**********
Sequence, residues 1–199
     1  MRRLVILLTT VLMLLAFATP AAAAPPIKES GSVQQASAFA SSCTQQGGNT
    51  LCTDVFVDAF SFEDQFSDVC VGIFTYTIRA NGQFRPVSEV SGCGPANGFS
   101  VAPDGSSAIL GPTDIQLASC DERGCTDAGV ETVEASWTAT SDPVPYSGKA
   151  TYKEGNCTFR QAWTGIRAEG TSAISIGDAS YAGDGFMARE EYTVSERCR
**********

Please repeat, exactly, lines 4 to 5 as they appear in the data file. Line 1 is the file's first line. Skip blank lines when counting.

   101  VAPDGSSAIL GPTDIQLASC DERGCTDAGV ETVEASWTAT SDPVPYSGKA
   151  TYKEGNCTFR QAWTGIRAEG TSAISIGDAS YAGDGFMARE EYTVSERCR